Children’s reasoning about unequal gender‐based distributions

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Abstract

Children ages 7, 9, 11 and adults judged distributions of different items to boys and girls, when the items distributed varied by type (related or unrelated to gender norms) and equivalency (equivalent or unequal). Distributions were judged to be acceptable most when the items were consistent with gender norms, especially for participants at ages 7 and 9. Items were judged to be more likable when they were gendered, and this judgment predicted more positive evaluations of the distributions, even when controlling for age.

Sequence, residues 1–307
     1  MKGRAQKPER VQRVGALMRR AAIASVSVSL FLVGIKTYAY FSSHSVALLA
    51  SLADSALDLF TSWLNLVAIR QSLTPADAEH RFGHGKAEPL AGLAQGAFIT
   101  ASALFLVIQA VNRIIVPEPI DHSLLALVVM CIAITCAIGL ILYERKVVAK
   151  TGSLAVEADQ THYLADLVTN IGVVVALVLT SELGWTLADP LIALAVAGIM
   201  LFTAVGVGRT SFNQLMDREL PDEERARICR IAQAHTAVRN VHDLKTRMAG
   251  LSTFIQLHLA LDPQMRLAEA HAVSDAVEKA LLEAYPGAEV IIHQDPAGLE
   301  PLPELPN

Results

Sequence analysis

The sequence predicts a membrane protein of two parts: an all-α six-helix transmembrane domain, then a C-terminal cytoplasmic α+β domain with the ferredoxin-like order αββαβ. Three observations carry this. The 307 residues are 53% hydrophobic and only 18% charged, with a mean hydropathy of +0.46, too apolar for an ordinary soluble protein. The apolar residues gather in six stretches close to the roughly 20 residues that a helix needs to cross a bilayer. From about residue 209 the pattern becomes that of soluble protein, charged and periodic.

Publication
Social Development, 28 (2)
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Clare Conry-Murray
Associate Professor of Psychology

My research interests include social development, including moral development, gender development and culture.